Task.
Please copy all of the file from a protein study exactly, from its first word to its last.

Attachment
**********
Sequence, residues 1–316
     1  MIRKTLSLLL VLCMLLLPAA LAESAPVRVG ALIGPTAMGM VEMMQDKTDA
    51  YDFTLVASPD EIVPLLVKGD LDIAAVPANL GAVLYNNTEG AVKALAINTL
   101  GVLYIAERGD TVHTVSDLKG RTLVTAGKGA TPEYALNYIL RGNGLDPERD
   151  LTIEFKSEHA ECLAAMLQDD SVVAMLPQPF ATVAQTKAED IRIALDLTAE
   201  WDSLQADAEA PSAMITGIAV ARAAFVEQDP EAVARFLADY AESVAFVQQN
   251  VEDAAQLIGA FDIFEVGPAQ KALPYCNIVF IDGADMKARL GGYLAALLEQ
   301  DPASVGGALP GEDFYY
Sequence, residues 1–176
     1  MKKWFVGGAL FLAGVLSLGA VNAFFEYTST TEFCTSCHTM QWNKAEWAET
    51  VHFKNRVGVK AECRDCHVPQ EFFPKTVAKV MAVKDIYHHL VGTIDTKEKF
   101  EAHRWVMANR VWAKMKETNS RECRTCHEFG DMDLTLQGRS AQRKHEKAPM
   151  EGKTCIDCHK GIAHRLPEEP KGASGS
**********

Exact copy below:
Sequence, residues 1–316
     1  MIRKTLSLLL VLCMLLLPAA LAESAPVRVG ALIGPTAMGM VEMMQDKTDA
    51  YDFTLVASPD EIVPLLVKGD LDIAAVPANL GAVLYNNTEG AVKALAINTL
   101  GVLYIAERGD TVHTVSDLKG RTLVTAGKGA TPEYALNYIL RGNGLDPERD
   151  LTIEFKSEHA ECLAAMLQDD SVVAMLPQPF ATVAQTKAED IRIALDLTAE
   201  WDSLQADAEA PSAMITGIAV ARAAFVEQDP EAVARFLADY AESVAFVQQN
   251  VEDAAQLIGA FDIFEVGPAQ KALPYCNIVF IDGADMKARL GGYLAALLEQ
   301  DPASVGGALP GEDFYY
Sequence, residues 1–176
     1  MKKWFVGGAL FLAGVLSLGA VNAFFEYTST TEFCTSCHTM QWNKAEWAET
    51  VHFKNRVGVK AECRDCHVPQ EFFPKTVAKV MAVKDIYHHL VGTIDTKEKF
   101  EAHRWVMANR VWAKMKETNS RECRTCHEFG DMDLTLQGRS AQRKHEKAPM
   151  EGKTCIDCHK GIAHRLPEEP KGASGS